1913 - 2006
Theme/Style – Modernism,
Surrealism, figurative works, portraits
Media – Oils, sculpture,
murals, frescoes, printmaking
Artistic Focus – A prominent
member of Los Angeles’s Post-Surrealist group during the 1930s,
Harold Lehman energetically and passionately created a body of work that
remains unique in its reflection of myriad influences. Inspired by the
Mexican muralist D.A. Siqueiros, Freudian and Gestalt psychology, Lehman
was committed to making art that he felt had social and political relevance.
Lehman’s greatest influences came from Michelangelo, El Greco, Piero
dello Francesca, Rembrandt, and Chinese and African sculpture. Among
the modern surrealists, he admired the work of Pablo Picasso and Giorgio
de Chirico. Total abstraction did not appeal to him.
Career Highlights –
• Harold Lehman was born in New York City in 1913,
and at the age of 16 moved to Los Angeles. At the city’s Manual Arts
High School, Lehman and fellow students Philip Guston and Jackson Pollock
studied under Modernist artist Frederick Schwankovsky; and Lehman also
counted Reuben Kadish among his friends.
• In 1931 Lehman, then a sculptor, won a scholarship to Otis Art Institute
where he studied with Roger Noble Burnham and George Stanley, and at
the end of that year received the Sculpture Award at the school’s exhibition
at the Los Angeles County Museum of Art.
• 1932 marked a turning point for Lehman, when he met Lorser Feitelson
and David Alfaro Siqueiros. Lehman joined Siqueiros’s Bloc of Painters,
a group that promoted socially relevant themes in their work – an idea
so controversial that their exhibition sponsored by the John Reed Club
was raided by Los Angeles’s “Red Squad” and frescoes by Lehman
and others were destroyed.
• In 1933 Lehman and Philip Guston had a well-received show at the Stanley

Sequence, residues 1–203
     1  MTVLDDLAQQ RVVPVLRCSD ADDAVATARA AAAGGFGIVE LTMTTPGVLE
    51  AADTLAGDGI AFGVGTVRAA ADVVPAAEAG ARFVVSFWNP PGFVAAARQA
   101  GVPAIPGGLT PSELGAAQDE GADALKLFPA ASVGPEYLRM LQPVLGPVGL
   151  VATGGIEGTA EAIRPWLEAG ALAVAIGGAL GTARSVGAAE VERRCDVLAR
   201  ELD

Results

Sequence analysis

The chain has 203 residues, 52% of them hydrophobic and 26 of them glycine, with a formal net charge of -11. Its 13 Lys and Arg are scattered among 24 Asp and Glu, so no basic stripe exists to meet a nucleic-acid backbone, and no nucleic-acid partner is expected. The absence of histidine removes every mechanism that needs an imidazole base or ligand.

Rose Gallery in Hollywood. Also in 1933 Lehman won Second Prize in the
Los Angeles County Museum of Art Annual for his controversial painting
The Landlady, which caused an outcry due to its expressionistic, realistic
depiction of a hardened working class woman.
• Beginning in 1933, Lehman worked with Siqueiros for several years creating
portable frescoes. He also became an associate of Lorser Feitelson, both
as his student at the Stickney Memorial School of Art in Pasadena and
as a frequent visitor to Feitelson’s studio; and in 1934 Lehman participated
in the landmark New Classicist exhibition at Los Angeles’s Centaur Gallery,
where his work along with that of Feitelson, Helen Lundeberg, Lucien
Labaudt, Knud Merrild, and Etienne Ret introduced Post-Surrealism to
• Lehman continued to exhibit in Southern California as well as at the
Paul Elder Gallery in San Francisco, and in 1935 had his first solo exhibition
at Jake Zeitlin’s Book Shop in Los Angeles, to critical acclaim.
• Lehman returned to New York in 1935, where he helped Siqueiros organize
his experimental workshop; and, along with Reuben Kadish and Philip Guston,
participated in the Federal Art Project, creating murals through the
• In the early 1940s Lehman was in Woodstock, New York, where he created
Treasury Department War Bond posters and was active in the Woodstock
• After World War II Lehman returned to New York City, where he resumed
his independent work as a studio artist, as well as teaching and working
as a scenic artist for theme parks, television, and film.
• Lehman’s paintings were included in the traveling exhibition Pacific
Dreams: Currents of Surrealism and Fantasy in California Art, 1934-1957 (UCLA Hammer Museum, 1995); On-Ramps:
Transitional Moments in California Art (Pasadena Museum of California Art Inaugural Exhibition, 2002); and
Surrealism USA (National Academy of Design, 2005).
• Harold Lehman passed away in 2006 in New Jersey at the age of 92.
Additional biographical material and full bibliographic
references are available upon request.
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